They may have only become friends in recent years, but combined, Ann Breaks and Florence Wall share more than a century of White Rock’s history.
“We’re all pioneers here,” Breaks said last week, while enjoying an afternoon cappucino with Wall at Whitecliff Retirement Residence.
The afternoon was highlighted by a festive visit from Santa, but just down the hall from that action is where the stories get told.
Back in 1951 – six years before White Rock seceded from the then-municipality of Surrey and became a city on its own – Breaks’ husband, Bill, donated the equipment that was used to clear the land on the south side of North Bluff Road to make way for the seaside city’s hospital.
Wall’s late husband Art was mayor of White Rock from 1972-73, and an alderman from 1965-71.
Before that “we built the first self-serve, modern grocery store in White Rock,” Wall said, recalling long days at Wall’s Fine Foods, and laughing at how, in the beginning, “I didn’t know a pork chop from a sausage.”
“The store is still there… just off the corner in Five Corners. It’s a café now,” she said.
Reminiscing about the people and events that have shaped the Semiahmoo Peninsula is a regular pastime of the friends – who clearly also share a similar sense of humour.
“Her and I get together and talk about things… We’re talking about oldtimers and can’t remember names,” Wall laughed. “Our conversations are so free and easy because we know the same things.”
But the odd surname seems to be among few things that Breaks and Wall, now aged 94 and 90, respectively, don’t remember.
Breaks still clearly recalls falling for her husband when she was just 16 years old; the gas station/corner store his family owned at 40 Avenue and 176 Street in South Surrey; and the days of paying for groceries just once a month, when “credit” was all about trust.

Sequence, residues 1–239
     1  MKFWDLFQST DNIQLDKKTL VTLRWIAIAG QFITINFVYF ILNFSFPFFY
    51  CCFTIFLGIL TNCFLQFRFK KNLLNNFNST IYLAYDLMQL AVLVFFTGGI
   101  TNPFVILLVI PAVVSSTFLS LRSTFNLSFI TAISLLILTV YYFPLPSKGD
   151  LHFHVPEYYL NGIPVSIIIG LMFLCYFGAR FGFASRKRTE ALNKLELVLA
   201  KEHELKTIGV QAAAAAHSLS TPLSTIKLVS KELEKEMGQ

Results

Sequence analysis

“It was interesting times. Things were tough – people couldn’t afford gas,” she said, acknowledging it could be argued with regard to fuel, at least, that the same situation exists today.
Wall remembers moving to the city in 1954, when “there was nothing here, nothing on the hilltop.”
“Five Corners, there was nothing there except a couple of stores,” she said.
Today, the city is encroaching well into the airspace, with highrises that have dramatically changed the landscape – and, Wall and Breaks agree, the feel of the city.
“You don’t know anybody downtown anymore,” Wall said. “We don’t have any stores left in White Rock anymore, all we have is highrises.”
“They say it’s lonely, condos,” Breaks added.
The friends’ prominence in White Rock’s history was a driving factor in efforts by Whitecliff staffer Wendy Breaks – Ann Breaks’ daughter-in-law – to organize a festive Christmas event for all of the seniors who call the residence home.
“I just want to see them have a nice Christmas,” Wendy Breaks said of last Wednesday’s event. “I really want it to be something special for the residents.
“Some of them were just young brides when they came to White Rock.”
She said her own family’s history includes a strong connection to the Five Corners district. Up until 1998, much of the area was owned by the Breaks family, and she’d like to see it renamed Breaks Corner.
Her in-laws were “quite instrumental in a lot of things that happened in White Rock,” Wendy Breaks explained.
“If I was a little bit more in-the-know back then, I would have insisted.”
These days, Wall and Breaks are content with what they have – loving families and a place in the narrative of White Rock.
“We saw it when it was at its best,” said Wall.